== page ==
Kin Groups and Descent. Kinship-based groups include the family, the household, the house-owning group, the garden-owning group, the cooperating or fishing group, and the joint family. With regard to those groups beyond the Family and household, rights to house sites on Luangiua and Pelau are held by house-owning groups that trace their ancestry through females. Men, as sons and brothers of these women, also have interests in the house sites. The garden-owning group is also formed around females: daughters Inherit their rights to taro gardens from their mothers, and they may decide to divide their garden land. The cooperating or fishing group is an informal group of closely related males, often brothers and their sons, who fish together and cooperate informally in other activities. The members of a joint Family usually are related through patrilineal descent from an ancestor who lived about six generations earlier. In some cases, nonagnates (e.g., the offspring of a member's sister) can be incorporated into the joint family. Members of the joint Family share rights to land planted with coconut trees, most notably the islets others than Luangiua and Pelau. Joint families have leaders, usually the oldest males. The patrilineal principles followed with regard to joint families apparently developed in response to the increased importance of the copra trade in the late nineteenth century. There are many land disputes in present-day Ontong Java, and tracing genealogies is important in litigating and adjudicating them.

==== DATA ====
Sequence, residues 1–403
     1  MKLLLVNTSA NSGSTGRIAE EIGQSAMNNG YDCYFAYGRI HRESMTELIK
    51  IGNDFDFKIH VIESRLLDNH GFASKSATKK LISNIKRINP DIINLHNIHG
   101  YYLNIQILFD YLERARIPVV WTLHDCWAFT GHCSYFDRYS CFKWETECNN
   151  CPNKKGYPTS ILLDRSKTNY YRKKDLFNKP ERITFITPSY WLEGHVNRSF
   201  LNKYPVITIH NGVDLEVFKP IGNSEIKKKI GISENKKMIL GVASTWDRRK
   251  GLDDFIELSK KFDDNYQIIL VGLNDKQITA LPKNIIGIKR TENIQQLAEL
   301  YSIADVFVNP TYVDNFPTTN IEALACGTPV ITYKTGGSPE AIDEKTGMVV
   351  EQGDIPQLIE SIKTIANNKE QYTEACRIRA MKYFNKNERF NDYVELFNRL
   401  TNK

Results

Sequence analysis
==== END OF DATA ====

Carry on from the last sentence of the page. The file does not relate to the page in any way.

Kinship Terminology. Ontong Java uses a Hawaiian-type, or generational, kinship terminology system, with one notable exception: the mother's brother and his sister's Children address one another by a reciprocal term, lamoku, and their relationship entails special obligations.